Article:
Oil infrastructure springs dangerous leaks from Texas to California


Welcome to Climate Point, your weekly guide to climate, energy and environment news from around the Golden State and the country. In Palm Springs, Calif., I’m Mark Olalde.

There’s been a disaster brewing in Tampa Bay. After a leak was detected at an old phosphate plant’s wastewater pond, 316 homes were evacuated because officials feared the toxic mess could burst through a containment wall. The Tampa Bay Times reports that, to keep the wastewater from breaking containment and risking lives, pumps were deployed to hurriedly siphon off the liquid and send it into the bay. At least 165 million gallons of HRK Holdings’ waste have so far ended up there.

Just how bad will the environmental degradation be? “That’s like dumping 50,000 bags of fertilizer into the bay all at once,” Ed Sherwood, director of the Tampa Bay Estuary Program, told the newspaper. Expect algal blooms to head down the coast.

Now, for additional important reporting about the heavy industries upon which we have come to rely…

United States Congressman Vern Buchanan toured Piney Point Monday, Apr. 5, 2021, getting a look at the breach in the containment wall, the pumping outflow and Port Manatee where the wastewater is being pumped into Tampa Bay.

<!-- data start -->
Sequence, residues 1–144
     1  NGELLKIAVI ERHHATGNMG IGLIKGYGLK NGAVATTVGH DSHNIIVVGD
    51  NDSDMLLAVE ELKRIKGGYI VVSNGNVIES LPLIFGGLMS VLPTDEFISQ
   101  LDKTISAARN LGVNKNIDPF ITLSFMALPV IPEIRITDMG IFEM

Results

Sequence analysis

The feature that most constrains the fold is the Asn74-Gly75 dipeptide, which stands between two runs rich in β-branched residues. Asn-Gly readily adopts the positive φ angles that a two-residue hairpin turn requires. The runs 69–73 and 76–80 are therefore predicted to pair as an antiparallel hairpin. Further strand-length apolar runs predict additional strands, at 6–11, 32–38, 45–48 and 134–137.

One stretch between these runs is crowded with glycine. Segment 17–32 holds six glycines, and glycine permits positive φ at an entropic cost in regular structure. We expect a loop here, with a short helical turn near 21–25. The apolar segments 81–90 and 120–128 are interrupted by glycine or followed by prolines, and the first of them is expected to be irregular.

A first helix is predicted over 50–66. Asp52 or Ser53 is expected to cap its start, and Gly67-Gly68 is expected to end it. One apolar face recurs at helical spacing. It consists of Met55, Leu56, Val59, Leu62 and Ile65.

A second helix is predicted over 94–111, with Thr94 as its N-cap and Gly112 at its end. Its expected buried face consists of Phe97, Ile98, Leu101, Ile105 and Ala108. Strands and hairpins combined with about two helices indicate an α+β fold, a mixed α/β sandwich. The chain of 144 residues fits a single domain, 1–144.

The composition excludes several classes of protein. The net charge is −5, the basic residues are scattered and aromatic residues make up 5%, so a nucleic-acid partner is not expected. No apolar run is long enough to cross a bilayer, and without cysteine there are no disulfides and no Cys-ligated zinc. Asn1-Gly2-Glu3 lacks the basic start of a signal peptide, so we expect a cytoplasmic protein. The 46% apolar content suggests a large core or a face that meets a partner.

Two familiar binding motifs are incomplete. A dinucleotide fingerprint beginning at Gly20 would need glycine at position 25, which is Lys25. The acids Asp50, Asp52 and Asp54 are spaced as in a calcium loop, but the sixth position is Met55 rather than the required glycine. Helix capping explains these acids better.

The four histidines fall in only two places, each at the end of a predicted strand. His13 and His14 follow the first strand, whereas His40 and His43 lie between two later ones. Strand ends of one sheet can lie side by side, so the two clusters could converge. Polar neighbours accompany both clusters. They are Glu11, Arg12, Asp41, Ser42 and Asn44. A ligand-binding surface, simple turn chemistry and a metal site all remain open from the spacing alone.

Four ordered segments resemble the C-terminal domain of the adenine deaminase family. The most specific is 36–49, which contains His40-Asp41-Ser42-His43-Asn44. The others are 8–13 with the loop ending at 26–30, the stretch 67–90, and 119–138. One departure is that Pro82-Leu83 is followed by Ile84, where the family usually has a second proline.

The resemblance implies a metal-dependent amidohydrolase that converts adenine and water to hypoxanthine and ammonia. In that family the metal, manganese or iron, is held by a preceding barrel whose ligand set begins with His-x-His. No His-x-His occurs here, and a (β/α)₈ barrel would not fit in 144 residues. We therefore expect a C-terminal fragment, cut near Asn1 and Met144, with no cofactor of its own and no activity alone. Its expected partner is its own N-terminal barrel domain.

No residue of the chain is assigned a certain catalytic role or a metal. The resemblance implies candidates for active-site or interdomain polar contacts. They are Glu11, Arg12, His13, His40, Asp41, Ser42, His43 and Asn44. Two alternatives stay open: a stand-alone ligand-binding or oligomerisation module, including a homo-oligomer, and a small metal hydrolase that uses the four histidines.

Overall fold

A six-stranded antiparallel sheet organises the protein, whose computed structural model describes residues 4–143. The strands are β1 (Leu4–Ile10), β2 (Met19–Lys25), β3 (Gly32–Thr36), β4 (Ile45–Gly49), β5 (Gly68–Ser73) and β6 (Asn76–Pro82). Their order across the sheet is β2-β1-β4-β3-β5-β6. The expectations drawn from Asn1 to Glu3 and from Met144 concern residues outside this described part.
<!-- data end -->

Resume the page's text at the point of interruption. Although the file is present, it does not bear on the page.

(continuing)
Polluting the Permian. The issue of orphaned oil and gas wells is becoming increasingly popular in our nation’s capital, so this new investigation from Grist and the Texas Observer comes at an opportune time. They looked at end-of-life fossil fuel production in Texas and New Mexico in an attempt to quantify the consequences of leaving more than 100,000 oil and gas wells idle, including 7,000 orphaned and another 13,000 they predict soon will be left orphaned. They predict a cleanup bill of $1 billion, although that’s conservative. In this deeply reported series that’s well worth your time, they’ll walk you through those impacts, explain their novel and impressive orphan well algorithm, reveal a toothless regulatory structure and introduce you to a researcher who’s hell-bent on chronicling the methane leaking from these wells.

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